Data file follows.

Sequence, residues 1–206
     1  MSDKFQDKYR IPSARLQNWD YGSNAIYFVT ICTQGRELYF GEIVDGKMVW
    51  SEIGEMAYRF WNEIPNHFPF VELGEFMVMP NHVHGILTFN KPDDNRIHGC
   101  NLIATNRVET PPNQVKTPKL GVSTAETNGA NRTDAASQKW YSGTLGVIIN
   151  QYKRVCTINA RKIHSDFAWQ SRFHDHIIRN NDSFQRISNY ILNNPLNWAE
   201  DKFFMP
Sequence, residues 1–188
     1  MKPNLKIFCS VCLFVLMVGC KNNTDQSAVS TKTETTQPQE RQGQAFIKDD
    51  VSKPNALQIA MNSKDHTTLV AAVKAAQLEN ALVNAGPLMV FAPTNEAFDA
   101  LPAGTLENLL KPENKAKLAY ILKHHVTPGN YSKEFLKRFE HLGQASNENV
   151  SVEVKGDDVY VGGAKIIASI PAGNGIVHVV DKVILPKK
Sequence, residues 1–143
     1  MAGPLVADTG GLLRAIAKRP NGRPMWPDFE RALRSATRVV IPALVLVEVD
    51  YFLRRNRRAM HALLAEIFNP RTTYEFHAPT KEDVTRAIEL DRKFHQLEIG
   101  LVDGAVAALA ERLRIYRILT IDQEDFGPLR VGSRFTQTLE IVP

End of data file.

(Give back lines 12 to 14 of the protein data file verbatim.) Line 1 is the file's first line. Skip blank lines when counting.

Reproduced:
Sequence, residues 1–143
     1  MAGPLVADTG GLLRAIAKRP NGRPMWPDFE RALRSATRVV IPALVLVEVD
    51  YFLRRNRRAM HALLAEIFNP RTTYEFHAPT KEDVTRAIEL DRKFHQLEIG